Habitat loss and gain : influence on habitat attractiveness for estuarine fish communities
Amorim, Eva; Ramos, Sandra (Biologist); Elliott, M. (Michael), 1952 November 3-; Franco, Anita; Bordalo, Adriano A.
Institute of Estuarine and Coastal Studies; Institute of Estuarine and Coastal Studies; Institute of Estuarine and Coastal Studies; Institute of Estuarine and Coastal Studies
Estuaries; Habitat changes; Fish habitat attractiveness; Physiotopes
Habitat structure and complexity influence the structuring and functioning of fish communities. Habitat changes are one of the main pressures affecting estuarine systems worldwide, yet the degree and rate of change and its impact on fish communities is still poorly understood. In order to quantify historical modifications in habitat structure, an ecohydrological classification system using physiotopes, i.e. units with homogenous abiotic characteristics, was developed for the lower Lima estuary (NW Portugal). Field data, aerial imagery, historical maps and interpolation methods were used to map input variables, including bathymetry, substratum (hard/soft), sediment composition, hydrodynamics (current velocity) and vegetation coverage. Physiotopes were then mapped for the years of 1933 and 2013 and the areas lost and gained over the 80 years were quantified. The implications of changes for the benthic and demersal fish communities using the lower estuary were estimated using the attractiveness to those communities of each physiotope, while considering the main estuarine habitat functions for fish, namely spawning, nursery, feeding and refuge areas and migratory routes. The lower estuary was highly affected due to urbanisation and development and, following a port/harbour expansion, its boundary moved seaward causing an increase in total area. Modifications led to the loss of most of its sandy and saltmarsh intertidal physiotopes, which were replaced by deeper subtidal physiotopes. The most attractive physiotopes for fish (defined as the way in which they supported the fish ecological features) decreased in area while less attractive ones increased, producing an overall lower attractiveness of the studied area in 2013 compared to 1933. The implications of habitat alterations for the fish using the estuary include potential changes in the nursery carrying capacity and the functioning of the fish community. The study also highlighted the poor knowledge of the impacts of habitat changes on fish due to coastal development and urbanisation and emphasises that ecosystem management and conservation will benefit from a wider understanding of habitat functional roles and habitat changes influencing the functioning and structure of the fish communities.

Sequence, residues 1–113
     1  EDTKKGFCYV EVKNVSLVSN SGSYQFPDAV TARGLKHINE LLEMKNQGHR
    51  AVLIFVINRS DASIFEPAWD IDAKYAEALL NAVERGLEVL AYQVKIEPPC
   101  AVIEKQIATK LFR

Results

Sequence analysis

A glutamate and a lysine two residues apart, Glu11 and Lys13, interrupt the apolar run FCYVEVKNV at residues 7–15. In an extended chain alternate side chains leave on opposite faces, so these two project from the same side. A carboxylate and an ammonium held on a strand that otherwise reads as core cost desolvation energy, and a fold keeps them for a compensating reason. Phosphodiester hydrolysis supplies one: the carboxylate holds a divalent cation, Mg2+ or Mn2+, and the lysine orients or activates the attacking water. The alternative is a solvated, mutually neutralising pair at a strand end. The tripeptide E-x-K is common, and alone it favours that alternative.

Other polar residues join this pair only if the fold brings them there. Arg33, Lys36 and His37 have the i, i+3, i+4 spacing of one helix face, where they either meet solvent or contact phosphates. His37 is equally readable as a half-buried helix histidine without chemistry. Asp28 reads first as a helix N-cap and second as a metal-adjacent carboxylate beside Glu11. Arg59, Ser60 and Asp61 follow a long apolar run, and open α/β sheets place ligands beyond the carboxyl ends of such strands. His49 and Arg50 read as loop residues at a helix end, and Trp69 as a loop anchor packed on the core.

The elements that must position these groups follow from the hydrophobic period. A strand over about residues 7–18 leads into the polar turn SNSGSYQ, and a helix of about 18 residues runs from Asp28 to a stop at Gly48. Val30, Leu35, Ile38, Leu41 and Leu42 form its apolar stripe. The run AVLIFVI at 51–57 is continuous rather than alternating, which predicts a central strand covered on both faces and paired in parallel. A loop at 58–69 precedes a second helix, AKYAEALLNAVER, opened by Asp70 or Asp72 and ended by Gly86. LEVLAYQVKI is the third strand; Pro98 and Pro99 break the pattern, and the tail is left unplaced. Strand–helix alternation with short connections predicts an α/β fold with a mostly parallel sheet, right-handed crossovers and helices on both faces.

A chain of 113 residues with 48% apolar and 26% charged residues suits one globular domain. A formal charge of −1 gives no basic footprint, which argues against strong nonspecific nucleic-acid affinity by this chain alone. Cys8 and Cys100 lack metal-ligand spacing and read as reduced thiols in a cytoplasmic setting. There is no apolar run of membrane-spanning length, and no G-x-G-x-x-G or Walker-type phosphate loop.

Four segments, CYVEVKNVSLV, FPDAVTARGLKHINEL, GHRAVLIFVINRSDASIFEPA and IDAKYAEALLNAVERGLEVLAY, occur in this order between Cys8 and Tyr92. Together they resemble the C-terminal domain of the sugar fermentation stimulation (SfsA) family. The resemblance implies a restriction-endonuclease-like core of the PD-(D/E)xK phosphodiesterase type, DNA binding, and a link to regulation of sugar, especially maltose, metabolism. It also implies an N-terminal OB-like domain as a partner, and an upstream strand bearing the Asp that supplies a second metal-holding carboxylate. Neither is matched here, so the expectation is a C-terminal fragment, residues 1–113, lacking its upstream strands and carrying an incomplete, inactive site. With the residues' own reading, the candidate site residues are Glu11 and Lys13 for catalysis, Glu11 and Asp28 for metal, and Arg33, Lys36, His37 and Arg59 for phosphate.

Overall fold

- The University of Hull
- Peer reviewed
- Journal title
- Estuarine, coastal and shelf science
- Publication date
- ISSN (Print)
- ISSN (Electronic)
- Full text not available in this repository until: August 2018
This is a description of an article which has been published in: Estuarine, coastal and shelf science, 2017
- Published article